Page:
Meet The Newest Recognized Breed - The Biewer Terrier

Meet The Newest Recognized Breed - The Biewer Terrier

Author WDF Staff


On January 4th, Biewer Terrier was fully accepted and registered as a part of their Toy Group. If you think these dogs look a bit like their more famous cousin, the Yorkshire Terrier, you are right. This is a breed that came to life from two Yorkies with recessive genes.

If you are like us, and you are a Toy breed fan, you’ll love the adorable little Biewer. They combine all the best traits from terriers and companion dogs from which they were created. 

How did Biewers come to life?

The history of the Biewer Terrier starts in the 1980s when two German breeders, Gertrud and Werner Biewer, started breeding tricolored Yorkshire Terriers. Apparently, they bred two piebald Yorkies which had a litter of the first Biewer Terriers ever born.

biewer terrier laying

Their first breeder, Mrs. Biewer, named these dogs different names, but none of them stuck. First, she named them “black and white Yorkshire Terrier” and later “Biewer Yorkshire.” Luckily, their vet friend told them their idea to call the newly created versions - the “Biewer Terrier.” As we know now, the name stuck, and the Biewer Terrier had a major milestone at the start of 2021.

Road to recognition

The Biewer Terrier was recognized rather fast. Much older breeds had trouble being accepted, and in only 17 years passed from first specimens arriving in the US to the full recognition. It is a record and it was achieved because of two breeders - Myrna Torres and Gayle Pruett.

Myrna Torres is the president of the Biewer Terrier Club of America and Gayle Pruett is the vice president. Pruett is the first person to ever import Biewers into the US in 2004 and set up the first US breeding program.

Torres’s daughter was looking for puppies online and discovered the rare Biewer Terrier which piqued Tores’s interest. She contacted Pruet and the two have started their historical collaboration that resulted in Biewers being fully recognized by the most prestigious cynology association in the world.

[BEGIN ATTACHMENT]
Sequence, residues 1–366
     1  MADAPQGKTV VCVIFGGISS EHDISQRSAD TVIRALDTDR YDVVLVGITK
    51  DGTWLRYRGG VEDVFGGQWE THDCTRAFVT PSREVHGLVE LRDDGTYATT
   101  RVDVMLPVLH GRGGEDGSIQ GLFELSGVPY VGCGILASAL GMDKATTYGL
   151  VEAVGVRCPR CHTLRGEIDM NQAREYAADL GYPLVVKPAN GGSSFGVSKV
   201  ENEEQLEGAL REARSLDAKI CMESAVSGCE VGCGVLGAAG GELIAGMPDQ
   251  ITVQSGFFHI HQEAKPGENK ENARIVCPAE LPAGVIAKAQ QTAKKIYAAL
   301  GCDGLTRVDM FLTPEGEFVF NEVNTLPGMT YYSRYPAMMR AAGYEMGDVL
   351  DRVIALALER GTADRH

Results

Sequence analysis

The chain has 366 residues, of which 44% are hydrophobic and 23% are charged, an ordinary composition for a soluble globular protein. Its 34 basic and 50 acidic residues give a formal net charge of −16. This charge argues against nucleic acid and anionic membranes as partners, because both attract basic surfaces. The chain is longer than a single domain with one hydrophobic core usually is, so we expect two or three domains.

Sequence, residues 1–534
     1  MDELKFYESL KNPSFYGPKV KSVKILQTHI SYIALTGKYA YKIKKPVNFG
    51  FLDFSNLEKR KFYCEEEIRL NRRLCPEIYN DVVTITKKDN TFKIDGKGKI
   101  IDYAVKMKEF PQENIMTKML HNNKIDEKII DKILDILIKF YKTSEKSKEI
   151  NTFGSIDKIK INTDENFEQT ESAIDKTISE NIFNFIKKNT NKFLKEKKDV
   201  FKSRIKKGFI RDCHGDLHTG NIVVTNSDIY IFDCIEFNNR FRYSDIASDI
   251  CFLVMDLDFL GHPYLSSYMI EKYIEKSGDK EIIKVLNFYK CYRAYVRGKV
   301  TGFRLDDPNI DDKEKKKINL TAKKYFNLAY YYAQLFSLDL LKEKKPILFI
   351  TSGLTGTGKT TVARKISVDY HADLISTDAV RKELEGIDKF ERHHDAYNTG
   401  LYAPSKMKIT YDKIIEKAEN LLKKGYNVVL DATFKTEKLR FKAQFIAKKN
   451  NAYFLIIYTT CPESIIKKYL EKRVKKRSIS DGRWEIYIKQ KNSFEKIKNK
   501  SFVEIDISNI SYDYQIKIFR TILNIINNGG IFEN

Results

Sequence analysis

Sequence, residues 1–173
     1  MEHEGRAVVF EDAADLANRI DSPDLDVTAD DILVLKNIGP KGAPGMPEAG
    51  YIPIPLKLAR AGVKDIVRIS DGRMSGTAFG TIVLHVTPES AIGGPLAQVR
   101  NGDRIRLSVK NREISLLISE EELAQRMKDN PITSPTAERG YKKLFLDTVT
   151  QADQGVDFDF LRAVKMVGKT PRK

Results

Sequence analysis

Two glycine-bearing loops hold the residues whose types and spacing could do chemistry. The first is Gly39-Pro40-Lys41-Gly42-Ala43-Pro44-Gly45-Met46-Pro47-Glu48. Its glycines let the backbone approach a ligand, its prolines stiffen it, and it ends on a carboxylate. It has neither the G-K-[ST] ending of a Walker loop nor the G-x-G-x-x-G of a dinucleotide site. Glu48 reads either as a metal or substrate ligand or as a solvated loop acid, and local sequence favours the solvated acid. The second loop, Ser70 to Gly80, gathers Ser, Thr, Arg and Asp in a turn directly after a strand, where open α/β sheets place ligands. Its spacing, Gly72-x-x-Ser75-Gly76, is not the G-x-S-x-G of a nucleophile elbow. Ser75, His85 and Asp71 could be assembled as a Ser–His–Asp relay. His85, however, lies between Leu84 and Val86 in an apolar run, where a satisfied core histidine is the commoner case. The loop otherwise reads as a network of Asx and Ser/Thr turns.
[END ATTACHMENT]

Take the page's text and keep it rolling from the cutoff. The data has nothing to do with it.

Placing Biewers into Toy Group

When it comes to small terriers, the question is where to place them within the seven established groups. The groups are

  • Toy
  • Sporting
  • Hound
  • Terrier
  • Non-sporting
  • Working
  • Herding

With the addition of Miscellaneous and the Foundation Stock Service for breeds that are awaiting full recognition. The Biewer checked both boxes; Terrier and Toy. The key was their character.

biewer terrier puppy in basket

These small dogs have some typical terrier characteristics and can have a strong prey drive with plenty of energy. Don’t let their small stature fool you; these adorable little dogs can go toe-to-toe with the most energetic adventurers.

The “ruling” characteristic was their love for their owner’s lap. That is their most dominant character trait and that is why the Biewer was placed in the Toy Group.

Interested in learning more about the Biewer? Check out the full Biewer Terrier breed profile.

Getting a Biewer Terrier

Getting any breed should be a meticulous process you shouldn’t approach nonchalantly. Already shady breeders started using these dogs for their personal gain and started offering poorly-bred dogs with no health tests.

Torres and Pruett warn future owners about these issues and say that buyers are responsible for getting a healthy dog. If a breeder cannot show you recommendations or health tests, run away from them.

Getting a new and popular dog breed might take some time, so be patient for your future dog’s sake. They also mention that show-quality dogs go for $3,500-$4,000, while pet-quality dogs can be found in the $1,000-$2,500 range.

We can say that we are happy the Biewer Terrier got its recognition and we will watch the development of the breed closely for the foreseeable future.

World Dog Finder team

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